What hospice is — and is not

Dear editor,
This past Friday (Oct. 7), a guest editorial from the Victoria News regarding End of Life Care in British Columbia was reprinted in the Comox Valley Record.
As I began reading the piece, I was pleased that a thoughtful and realistic view of this looming issue was being addressed in a forthright manner.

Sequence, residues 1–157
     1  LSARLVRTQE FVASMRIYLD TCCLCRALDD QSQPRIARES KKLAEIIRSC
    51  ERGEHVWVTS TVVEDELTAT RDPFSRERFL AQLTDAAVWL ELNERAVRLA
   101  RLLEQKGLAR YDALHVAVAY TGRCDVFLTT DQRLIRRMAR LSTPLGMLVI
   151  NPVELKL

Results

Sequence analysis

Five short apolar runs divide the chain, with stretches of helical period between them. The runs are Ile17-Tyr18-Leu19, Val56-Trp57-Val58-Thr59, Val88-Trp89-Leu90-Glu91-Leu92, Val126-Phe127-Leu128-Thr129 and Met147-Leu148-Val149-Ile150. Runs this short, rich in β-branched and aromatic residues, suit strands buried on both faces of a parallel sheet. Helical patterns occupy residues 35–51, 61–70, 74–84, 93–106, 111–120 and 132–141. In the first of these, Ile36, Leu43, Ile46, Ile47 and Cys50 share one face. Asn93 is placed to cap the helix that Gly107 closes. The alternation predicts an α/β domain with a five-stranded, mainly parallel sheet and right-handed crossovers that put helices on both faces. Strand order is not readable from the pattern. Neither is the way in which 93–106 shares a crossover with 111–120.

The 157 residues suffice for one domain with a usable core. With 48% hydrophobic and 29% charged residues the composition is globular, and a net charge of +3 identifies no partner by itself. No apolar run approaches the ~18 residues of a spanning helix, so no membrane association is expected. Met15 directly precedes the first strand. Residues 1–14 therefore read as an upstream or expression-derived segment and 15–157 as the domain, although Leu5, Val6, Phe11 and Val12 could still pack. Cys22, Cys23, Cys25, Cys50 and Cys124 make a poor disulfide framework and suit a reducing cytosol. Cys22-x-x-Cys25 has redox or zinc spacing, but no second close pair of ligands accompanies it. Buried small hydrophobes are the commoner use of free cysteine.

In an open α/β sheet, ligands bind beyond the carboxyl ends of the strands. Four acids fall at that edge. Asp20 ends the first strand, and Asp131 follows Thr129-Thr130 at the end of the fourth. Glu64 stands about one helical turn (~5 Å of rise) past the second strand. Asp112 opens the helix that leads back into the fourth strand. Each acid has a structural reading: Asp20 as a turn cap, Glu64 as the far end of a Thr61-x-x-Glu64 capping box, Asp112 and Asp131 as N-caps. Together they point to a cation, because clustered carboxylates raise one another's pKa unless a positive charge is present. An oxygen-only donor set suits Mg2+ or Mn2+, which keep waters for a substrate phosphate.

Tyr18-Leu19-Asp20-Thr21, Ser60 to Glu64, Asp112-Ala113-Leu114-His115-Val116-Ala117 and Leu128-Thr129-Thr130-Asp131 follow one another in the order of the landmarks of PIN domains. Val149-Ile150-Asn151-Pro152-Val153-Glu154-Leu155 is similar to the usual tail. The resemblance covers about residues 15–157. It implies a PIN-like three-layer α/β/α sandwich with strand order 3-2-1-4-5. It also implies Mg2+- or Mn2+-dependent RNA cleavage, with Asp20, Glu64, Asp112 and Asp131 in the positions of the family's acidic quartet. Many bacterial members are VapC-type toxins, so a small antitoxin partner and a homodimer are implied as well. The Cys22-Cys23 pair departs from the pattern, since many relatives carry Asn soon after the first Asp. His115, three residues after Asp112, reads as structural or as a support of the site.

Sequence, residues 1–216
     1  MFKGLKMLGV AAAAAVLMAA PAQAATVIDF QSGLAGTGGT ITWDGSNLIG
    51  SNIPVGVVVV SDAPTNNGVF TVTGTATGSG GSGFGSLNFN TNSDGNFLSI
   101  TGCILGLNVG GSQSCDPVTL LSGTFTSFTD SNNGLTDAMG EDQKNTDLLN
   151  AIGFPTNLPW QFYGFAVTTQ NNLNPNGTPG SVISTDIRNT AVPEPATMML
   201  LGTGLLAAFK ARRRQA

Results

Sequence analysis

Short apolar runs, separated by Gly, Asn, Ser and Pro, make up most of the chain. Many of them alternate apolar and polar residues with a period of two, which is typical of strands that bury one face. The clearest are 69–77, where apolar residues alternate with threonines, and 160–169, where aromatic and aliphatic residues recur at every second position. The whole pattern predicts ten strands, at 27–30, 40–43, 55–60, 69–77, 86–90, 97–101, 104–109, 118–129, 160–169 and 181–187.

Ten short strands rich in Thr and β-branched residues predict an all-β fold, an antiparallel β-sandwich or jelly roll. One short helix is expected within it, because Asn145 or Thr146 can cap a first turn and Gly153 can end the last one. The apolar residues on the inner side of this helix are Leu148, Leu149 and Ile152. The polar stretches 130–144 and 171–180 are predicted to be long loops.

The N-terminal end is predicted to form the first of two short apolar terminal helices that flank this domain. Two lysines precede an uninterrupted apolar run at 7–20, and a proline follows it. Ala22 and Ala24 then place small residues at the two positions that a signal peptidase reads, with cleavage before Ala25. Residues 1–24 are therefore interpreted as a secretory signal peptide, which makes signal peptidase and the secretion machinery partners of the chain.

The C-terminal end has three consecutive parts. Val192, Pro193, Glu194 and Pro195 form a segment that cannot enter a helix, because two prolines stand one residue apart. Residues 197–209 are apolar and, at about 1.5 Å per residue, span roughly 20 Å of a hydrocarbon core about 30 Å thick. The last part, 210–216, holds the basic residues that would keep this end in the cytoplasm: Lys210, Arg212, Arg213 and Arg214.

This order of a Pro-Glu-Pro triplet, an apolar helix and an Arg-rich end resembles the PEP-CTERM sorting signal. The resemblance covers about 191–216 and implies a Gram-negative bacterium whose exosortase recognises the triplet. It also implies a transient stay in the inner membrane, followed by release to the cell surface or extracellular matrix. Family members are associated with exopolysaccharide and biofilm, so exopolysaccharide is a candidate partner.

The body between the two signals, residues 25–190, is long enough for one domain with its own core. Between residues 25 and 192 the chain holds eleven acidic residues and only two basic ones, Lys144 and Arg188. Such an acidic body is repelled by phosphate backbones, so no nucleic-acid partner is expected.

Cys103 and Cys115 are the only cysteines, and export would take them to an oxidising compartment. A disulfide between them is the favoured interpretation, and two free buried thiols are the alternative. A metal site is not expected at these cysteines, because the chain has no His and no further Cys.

Dear editor,This past Friday (Oct. 7), a guest editorial from the Victoria News regarding End of Life Care in British Columbia was reprinted in the Comox Valley Record.As I began reading the piece, I was pleased that a thoughtful and realistic view of this looming issue was being addressed in a forthright manner.Unfortunately, as I read on, I was horrified by the description of “hospices” which was, at best, grossly inaccurate and misleading.  In addition, it was disconcerting to see the implication that currently non-existent funding for hospices should be diverted to other programs such as iPANEL.First, “hospice” refers to a philosophy of care — regardless of where that care is delivered. Hospice care is compassionate, holistic end-of-life care which focuses on supporting the person who is dying and their loved ones to live each day to the fullest.At the core of this care is a respect for the person’s dignity and comfort — all based on their choices and beliefs. Hospice care can be provided in hospitals which sometimes have palliative care units, in residential hospices, in nursing homes or in the person’s home. Second, when the term “hospice” is used to describe the location of care, it refers to homelike places where the person is cared for in a private room by specially trained multi-disciplinary staff.Family members and loved ones are encouraged to be present and involved — rather than having to abide by the more rigid guidelines often found in acute care facilities. Hospice care focuses on the medical, emotional, spiritual and practical concerns of the dying person and their loved ones.Grief and bereavement support is offered to those who must go on living with their lives forever changed by the death of a loved one.  Support for caregivers, often overwhelmed by the demands of caregiving, is also available.Further, in most communities in the province, people have almost no choice about where they will receive care in their last days and weeks.For example, on Vancouver Island, the only “hospice” is in Victoria — and, that is only partially funded by the Vancouver Island Health Authority — the majority of the funding comes from the generosity of the community through donations. In the Comox Valley, we have no dedicated acute palliative hospital beds/services and no residential hospice beds/services. People who do not choose to die at home or simply cannot be supported at home by their loved ones all too often end up in a hospital ward, or even worse, on a gurney in the hall — if they are able to be admitted at all.Home caregivers are all too often emotionally, physically and financially devastated as they are frequently given no alternative but to try and take this on.This is in no way meant to say that everyone is not trying to do their best — rather that many of the necessary resources and services are simply not available here.It is absolutely correct that each of us has a right, regardless of where we live, to have access to compassionate, high-quality and appropriate end-of-life care.It is also correct that policymakers have failed to address funding of these programs and services at even the most minimal levels — especially outside of Victoria and the Lower Mainland. Although certainly inequitable, availability of hospice services in our community is almost solely dependent on the generosity of the community forcing our community hospice to go begging for program funding. I would suggest, that while programs such as iPANEL are very worthwhile, they are not meant to replace hospices or other end of life care support which is desperately in need of core funding support from the province. As so accurately put by Apple CEO, Steve Jobs, in his 2005 Stanford University commencement address, “Death is a destination we all share.” If our community is to meet the ever-increasing end-of-life care demands being placed on both formal and informal caregivers, residents of the Comox Valley must work together to ensure each of us who is dying or caring for a loved one who is dying, has access to a full continuum of well co-ordinated and integrated hospice palliative care services as envisioned in the 2006 Ministry of Health Provincial End of Life Framework — a plan which has seen only very minimal implementation more than five years later.  Terri OdenealEditor’s note: Terri Odeneal is the executive director of the Comox Valley Hospice Society.

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